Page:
Russia has reportedly sent military reinforcements to aid Syria’s crackdown on opposition forces, ending any pretense of neutrality in the country’s conflict.
The U.S. State Department claims it wasn’t aware of this breaking development. Because the United States will not risk a military showdown with Russia, the move is likely to limit any serious Western response to Syrian president Bashar al-Assad’s campaign of terror against his own citizens. Russia has also been blocking efforts at the U.N.
A Russian military unit has arrived in Syria, according to Russian news reports, a development that a United Nations Security Council source told ABC News was “a bomb” certain to have serious repercussions.
Russia, one of President Bashar al-Assad’s strongest allies despite international condemnation of the government’s violent crackdown on the country’s uprising, has repeatedly blocked the United Nations Security Council’s attempts to halt the violence, accusing the U.S. and its allies of trying to start another war.
U.S. State Department spokesperson Victoria Nuland said the U.S. government had not heard of the reports of Russian troops in Syria and declined to comment.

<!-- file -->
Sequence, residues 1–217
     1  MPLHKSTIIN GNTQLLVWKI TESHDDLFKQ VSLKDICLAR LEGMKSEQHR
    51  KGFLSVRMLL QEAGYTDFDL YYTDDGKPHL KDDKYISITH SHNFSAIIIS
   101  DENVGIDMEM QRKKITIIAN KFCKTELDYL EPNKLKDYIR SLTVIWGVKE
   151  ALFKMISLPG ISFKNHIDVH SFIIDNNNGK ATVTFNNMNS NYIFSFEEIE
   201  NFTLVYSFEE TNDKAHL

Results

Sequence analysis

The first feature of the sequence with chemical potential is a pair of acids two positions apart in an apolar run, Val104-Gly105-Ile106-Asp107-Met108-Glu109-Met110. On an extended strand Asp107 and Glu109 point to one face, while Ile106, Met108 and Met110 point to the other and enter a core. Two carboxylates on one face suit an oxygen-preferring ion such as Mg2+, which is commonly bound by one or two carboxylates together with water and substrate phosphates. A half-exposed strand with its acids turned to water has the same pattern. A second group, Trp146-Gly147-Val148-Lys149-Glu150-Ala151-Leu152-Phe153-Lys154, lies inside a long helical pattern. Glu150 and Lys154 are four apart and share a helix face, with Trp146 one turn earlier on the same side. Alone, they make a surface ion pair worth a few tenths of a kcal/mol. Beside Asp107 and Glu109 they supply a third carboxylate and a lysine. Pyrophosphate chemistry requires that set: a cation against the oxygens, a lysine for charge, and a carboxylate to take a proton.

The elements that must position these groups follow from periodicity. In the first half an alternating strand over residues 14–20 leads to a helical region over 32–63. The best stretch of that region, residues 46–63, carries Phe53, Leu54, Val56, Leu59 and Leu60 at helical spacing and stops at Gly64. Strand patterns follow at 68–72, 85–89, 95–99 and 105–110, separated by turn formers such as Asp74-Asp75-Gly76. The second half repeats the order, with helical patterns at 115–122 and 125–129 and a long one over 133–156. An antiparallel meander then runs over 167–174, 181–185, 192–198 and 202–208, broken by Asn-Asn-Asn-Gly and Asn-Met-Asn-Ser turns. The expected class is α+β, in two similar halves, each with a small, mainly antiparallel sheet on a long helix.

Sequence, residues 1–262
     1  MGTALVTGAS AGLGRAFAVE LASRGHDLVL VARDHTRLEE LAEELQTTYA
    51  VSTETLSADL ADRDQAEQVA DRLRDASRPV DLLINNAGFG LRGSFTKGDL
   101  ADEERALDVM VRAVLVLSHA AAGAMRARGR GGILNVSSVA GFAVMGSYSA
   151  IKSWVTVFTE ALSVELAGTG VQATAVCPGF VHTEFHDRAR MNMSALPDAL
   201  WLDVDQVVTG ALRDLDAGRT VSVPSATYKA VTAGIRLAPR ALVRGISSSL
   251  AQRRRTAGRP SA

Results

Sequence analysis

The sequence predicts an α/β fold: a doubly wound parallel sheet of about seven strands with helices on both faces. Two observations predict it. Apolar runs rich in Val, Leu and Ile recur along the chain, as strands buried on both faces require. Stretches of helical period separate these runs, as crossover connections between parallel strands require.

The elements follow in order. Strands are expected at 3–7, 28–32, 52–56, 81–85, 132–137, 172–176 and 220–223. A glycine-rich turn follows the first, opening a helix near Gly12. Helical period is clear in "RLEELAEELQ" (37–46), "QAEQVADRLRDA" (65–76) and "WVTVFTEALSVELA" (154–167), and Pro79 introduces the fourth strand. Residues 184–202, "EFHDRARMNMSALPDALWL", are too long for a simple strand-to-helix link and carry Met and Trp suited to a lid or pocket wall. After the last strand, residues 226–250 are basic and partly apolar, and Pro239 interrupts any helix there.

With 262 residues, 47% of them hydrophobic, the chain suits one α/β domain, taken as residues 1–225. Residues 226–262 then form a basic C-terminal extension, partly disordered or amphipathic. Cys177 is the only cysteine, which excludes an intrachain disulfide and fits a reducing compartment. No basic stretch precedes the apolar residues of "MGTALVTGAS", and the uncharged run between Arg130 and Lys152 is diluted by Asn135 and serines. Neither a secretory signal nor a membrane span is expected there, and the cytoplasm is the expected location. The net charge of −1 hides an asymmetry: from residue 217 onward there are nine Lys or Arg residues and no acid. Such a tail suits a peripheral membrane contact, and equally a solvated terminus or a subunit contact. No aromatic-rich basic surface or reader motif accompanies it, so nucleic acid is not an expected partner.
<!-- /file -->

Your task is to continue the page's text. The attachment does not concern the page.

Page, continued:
A week ago, John McCain called Obama’s lack of response to events on the ground in Syria “disgraceful and shameful.” Presumably, McCain wanted an air or ground effort to protect Syrians reportedly being massacred. Obama was still defending his position last Wednesday, saying it would be premature to intervene and that the US should not act alone. Evidently, Putin didn’t have the same concerns.
President Obama on Wednesday defended his administration’s decision not to authorize military intervention in Syria, despite the “natural instinct” to take action to halt the brutal crackdown by President Bashar al-Assad’s government. After a private meeting with British Prime Minister David Cameron at the White House, Obama reiterated his demand for Assad to relinquish power immediately. But the president cautioned that the United States must think through “all of our actions” before taking more aggressive steps to intervene.